Chelsey at 4 months, with parents Charles Hansbrough and Tamika Harris. (Zbigniew Bzdak / Chicago…)
Eight days doesn't sound like a long time. But for these twin girls born far too early, eight days became the difference between life and death.
Tamika Harris was just 22 weeks into her pregnancy when she gave birth to the first twin, Chazey, who at just over a pound was too weak to survive. This Chicago Tribune story [Updated 10:20 p.m. Friday: An earlier version of this article incorrectly said the story was published in the Allentown Morning Call.] reports what happened next:
"Doctors expected the other twin, daughter Chelsey, to follow quickly. But she didn't. Something kept Chelsey back, kept her inside her mother, kept her safe long enough for her lungs to grow and save her life. Chelsey stayed inside the womb for eight more days."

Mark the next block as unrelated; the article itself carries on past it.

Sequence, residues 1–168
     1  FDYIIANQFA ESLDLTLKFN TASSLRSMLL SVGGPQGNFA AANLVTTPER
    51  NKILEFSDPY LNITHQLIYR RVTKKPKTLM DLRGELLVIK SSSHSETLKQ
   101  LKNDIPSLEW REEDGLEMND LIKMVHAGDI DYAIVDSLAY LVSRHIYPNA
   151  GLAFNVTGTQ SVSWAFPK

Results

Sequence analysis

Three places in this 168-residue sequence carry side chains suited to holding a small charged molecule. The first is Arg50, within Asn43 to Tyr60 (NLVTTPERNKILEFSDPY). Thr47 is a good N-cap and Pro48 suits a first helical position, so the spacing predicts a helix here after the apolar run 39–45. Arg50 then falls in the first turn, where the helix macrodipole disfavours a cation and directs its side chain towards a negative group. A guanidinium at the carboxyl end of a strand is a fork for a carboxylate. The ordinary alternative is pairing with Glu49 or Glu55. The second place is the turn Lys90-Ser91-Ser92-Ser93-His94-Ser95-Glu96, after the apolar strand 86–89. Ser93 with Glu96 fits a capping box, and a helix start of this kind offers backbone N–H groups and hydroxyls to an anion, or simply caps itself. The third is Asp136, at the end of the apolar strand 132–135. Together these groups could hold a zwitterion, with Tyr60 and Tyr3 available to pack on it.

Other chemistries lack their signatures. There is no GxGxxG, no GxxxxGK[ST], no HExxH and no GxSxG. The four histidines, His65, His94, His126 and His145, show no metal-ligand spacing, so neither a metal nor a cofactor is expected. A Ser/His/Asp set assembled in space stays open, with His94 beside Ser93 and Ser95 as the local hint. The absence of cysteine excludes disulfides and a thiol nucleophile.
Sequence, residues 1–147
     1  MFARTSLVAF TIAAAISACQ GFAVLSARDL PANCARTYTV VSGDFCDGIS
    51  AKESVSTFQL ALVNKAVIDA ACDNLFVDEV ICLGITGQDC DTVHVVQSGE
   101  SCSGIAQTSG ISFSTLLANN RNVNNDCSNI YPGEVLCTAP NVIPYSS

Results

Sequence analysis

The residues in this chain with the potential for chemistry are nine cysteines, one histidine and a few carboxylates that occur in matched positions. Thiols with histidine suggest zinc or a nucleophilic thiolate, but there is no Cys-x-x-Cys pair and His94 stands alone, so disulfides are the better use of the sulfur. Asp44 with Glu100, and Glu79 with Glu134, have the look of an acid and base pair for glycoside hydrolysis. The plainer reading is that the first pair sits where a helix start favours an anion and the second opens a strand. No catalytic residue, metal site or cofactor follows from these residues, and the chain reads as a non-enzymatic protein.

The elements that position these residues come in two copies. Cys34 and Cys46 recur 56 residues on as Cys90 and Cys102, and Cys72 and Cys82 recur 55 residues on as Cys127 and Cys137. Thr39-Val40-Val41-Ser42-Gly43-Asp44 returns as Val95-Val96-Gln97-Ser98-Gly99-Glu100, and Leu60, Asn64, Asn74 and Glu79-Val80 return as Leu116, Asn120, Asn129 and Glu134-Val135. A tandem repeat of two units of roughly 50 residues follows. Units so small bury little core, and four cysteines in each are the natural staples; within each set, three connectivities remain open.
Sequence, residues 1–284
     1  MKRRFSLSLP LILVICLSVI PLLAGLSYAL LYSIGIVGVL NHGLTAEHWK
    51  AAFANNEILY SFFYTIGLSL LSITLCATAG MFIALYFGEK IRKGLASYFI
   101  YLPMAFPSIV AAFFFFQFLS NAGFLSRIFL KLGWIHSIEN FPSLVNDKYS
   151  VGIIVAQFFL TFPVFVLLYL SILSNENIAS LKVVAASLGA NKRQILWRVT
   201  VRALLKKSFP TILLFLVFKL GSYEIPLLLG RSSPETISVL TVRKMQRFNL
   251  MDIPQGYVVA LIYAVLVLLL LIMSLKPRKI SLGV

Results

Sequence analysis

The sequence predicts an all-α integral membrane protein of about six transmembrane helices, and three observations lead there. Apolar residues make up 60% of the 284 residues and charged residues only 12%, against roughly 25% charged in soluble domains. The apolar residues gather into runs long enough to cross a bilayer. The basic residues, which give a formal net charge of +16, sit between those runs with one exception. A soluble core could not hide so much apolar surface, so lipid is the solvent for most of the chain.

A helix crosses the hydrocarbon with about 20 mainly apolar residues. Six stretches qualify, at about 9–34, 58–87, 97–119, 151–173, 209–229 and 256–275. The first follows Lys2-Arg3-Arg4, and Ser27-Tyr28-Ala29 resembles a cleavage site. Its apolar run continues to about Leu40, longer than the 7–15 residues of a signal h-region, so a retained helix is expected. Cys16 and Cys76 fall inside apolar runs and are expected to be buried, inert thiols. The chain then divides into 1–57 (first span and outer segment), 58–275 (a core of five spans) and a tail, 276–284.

The American Congress of Obstetricians and Gynecologists says most pregnancies last about 40 weeks. Babies born between 32 and 37 weeks are considered preterm, and those before 32 weeks as early preterm.
And the National Institute of Child Health & Human Development lists these potential health challenges for premature babies:
"Low birth weight
Breathing problems because of underdeveloped lungs
Underdeveloped organs or organ systems
Greater risk for life-threatening infections
Greater risk for a serious lung condition, known as respiratory distress syndrome
Greater risk for cerebral palsy
Greater risk for learning and development disabilities" At birth, Chelsey, who weighed 15.5 ounces, had just an 18% chance of survival. She spent 100 days in neonatal intensive care -- after the eight crucial days she remained inside her mother.